Super-fun gothic mystery set in the 1920s, with a real supernatural shiver and a fabulous, complicated female friendship at its heart. I liked SimoneSuper-fun gothic mystery set in the 1920s, with a real supernatural shiver and a fabulous, complicated female friendship at its heart. I liked Simone St. James's The Haunting of Maddy Clare when I read it last year, but I enjoyed The Other Side of Midnight even more, and this one left me wanting to *immediately* devour all of her other books, too!
There were so many bits I loved in this book, from the intense, complex and compelling relationships (between the heroine and her late best friend/passionate enemy; the heroine and her beloved/resented late mom, whose clothing and life she has stepped into; the heroine and the hero, who share fabulous chemistry) to the real chill of the supernatural that's conveyed in the gorgeous writing and the strong, grounded historical setting.
I'm calling it a 4-star rather than a 5-star review because I wasn't quite sure that I bought all of the logic in the final conclusion to the mystery...but I have to be honest here and say that that really might just be me. I read the last quarter of the book in one large gulp, staying up far too late to do it, so it may be that I was just too tired to pick up on every detail!
Regardless, once I finished reading this book, I put it on my shelf for re-reading in the future...and immediately put all of her other books onto my wishlist! So in other words, I *really* enjoyed it....more
This book is just wildly wacky, funny, and totally entertaining, and I enjoyed almost every moment of it. The humor is surreal in a Daniel-*4.5 stars*
This book is just wildly wacky, funny, and totally entertaining, and I enjoyed almost every moment of it. The humor is surreal in a Daniel-Pinkwater-esque way that worked really, really well for me. The narrator, Daphne, is great, her new friend the (deeply impractical) genius Nate is great, and the sinister secret society deeply devoted to tea AND DEATH is just awesome. (I love their tea breaks!)
Also, this book includes my very favorite talking dog outside of Doctor Who. Bosper is HILARIOUS!
The one and only time I stumbled in my reading was just a 4-line moment...but at one point Daphne responds to something Nate has said by saying, "Mom says girls don't have to make sense" and Nate replies, "Yeah. Dad says the same thing. A lot," and I stopped reading to grit my teeth and roll my eyes VERY VERY HARD.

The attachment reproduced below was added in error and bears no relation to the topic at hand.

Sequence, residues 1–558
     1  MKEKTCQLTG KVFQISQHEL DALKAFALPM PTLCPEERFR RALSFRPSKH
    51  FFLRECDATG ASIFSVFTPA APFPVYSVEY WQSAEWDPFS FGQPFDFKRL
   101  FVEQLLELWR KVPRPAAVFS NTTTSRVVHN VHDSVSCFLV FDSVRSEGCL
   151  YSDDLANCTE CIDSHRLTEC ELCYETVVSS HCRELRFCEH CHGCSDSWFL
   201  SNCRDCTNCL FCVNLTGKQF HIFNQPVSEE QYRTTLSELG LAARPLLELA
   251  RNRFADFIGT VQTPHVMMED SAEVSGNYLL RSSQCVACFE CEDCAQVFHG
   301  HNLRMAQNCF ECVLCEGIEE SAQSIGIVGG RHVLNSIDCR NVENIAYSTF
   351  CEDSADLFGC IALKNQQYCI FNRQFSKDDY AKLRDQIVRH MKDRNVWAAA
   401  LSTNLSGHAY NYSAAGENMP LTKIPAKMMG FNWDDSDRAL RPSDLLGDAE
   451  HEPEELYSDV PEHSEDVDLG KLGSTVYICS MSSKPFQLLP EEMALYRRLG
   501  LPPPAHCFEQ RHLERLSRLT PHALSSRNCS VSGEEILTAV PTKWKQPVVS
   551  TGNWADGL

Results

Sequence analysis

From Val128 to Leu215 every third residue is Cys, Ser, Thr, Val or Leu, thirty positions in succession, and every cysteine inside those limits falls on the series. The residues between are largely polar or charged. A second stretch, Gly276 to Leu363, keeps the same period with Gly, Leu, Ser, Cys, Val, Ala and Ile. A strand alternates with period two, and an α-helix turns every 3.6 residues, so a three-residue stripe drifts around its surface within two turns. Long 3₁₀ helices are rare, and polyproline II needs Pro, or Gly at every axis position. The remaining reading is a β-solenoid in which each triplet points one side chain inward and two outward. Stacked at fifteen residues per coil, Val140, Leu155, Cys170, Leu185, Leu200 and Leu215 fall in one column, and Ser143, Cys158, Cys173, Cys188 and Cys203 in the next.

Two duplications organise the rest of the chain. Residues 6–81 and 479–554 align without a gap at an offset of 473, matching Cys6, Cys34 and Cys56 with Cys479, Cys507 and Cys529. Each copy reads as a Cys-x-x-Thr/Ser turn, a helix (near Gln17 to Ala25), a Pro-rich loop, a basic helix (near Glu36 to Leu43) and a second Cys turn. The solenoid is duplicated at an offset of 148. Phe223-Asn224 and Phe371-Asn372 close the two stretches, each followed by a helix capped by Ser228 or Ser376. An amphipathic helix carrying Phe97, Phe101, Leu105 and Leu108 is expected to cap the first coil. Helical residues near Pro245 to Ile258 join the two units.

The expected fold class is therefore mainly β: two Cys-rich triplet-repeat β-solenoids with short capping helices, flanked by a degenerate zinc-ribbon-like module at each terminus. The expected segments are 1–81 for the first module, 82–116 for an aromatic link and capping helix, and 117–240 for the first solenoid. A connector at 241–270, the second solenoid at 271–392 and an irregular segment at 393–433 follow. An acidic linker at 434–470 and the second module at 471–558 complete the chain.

But I didn't put down the book (which, to be honest, I usually would, if I came across an annoyingly sexist set of lines like that), because I'd been having SO much fun until then...and within a page, I was once again fully immersed in the zany adventure and enjoying it completely. That one sexist joke was an anomaly that didn't fit with Daphne's own character - Daphne herself is smart and brave and strong and awesome - and isn't at all indicative of the rest of the book, which is filled with an enormous amount of fun for both boys and girls. Apart from those 2 small paragraphs in the middle, I really loved the humor and the adventure and the silliness and the characters.
And I am really looking forward to reading Book 2!...more
Honestly, I can't review Julia Quinn's novels with any objectivity. I think some of them are really, objectively great (I would give anyone in the worHonestly, I can't review Julia Quinn's novels with any objectivity. I think some of them are really, objectively great (I would give anyone in the world _What Happens in London_ as a romance intro!), and some of them are less great, but all of them reliably make me happy as I read, and this one made me REALLY happy. It took a couple chapters for this one to click for me, but then I absolutely devoured the rest of the book, mostly with a big, goofy smile on my face, and frequently laughing out loud. I loved it. It's the opening of a new series, which is a prequel series, so it could work for anyone whether or not they've read any of her books before. It doesn't have the absolutely brilliant, spectacular humor of a couple of her top novels, but it's just full of warmth and fun and joy. And I'm so grateful for a writer whose new books, every year, can so consistently be counted on to make me smile and laugh and feel good about the world....more
I absolutely devoured this book, a delicious historical novel set in Tudor England, with a fabulously sharp and spiky narrator who is the cousin (andI absolutely devoured this book, a delicious historical novel set in Tudor England, with a fabulously sharp and spiky narrator who is the cousin (and rival) of Henry VIII's ill-fated wife Katherine Howard. I'm not sure exactly which genre to class it in, as it breaks some of the "rules" of children's literature - it looks from the cover like an MG novel, and starts with Eliza at 12, but by the end of the book she's 20 and has been dealing for years with the questions of how to operate in a licentious and brutal court. There aren't any explicit sex scenes, but the issues discussed are certainly adult...as, of course, teenage girls were expected to be in that era.
It's all incredibly addictive, smart and entertaining and perfectly handled. I loved that Worsley let her heroine be sharp and unlikeable at various points, with her pride getting in the way of her own good. I loved Eliza's voice - and oh, I swooned over her romance! And the historical era is conveyed beautifully throughout. I was already a huge fan of Worsley's historical nonfiction, and this was the most purely fun novel I've read in a while. I can't wait to read her next one!...more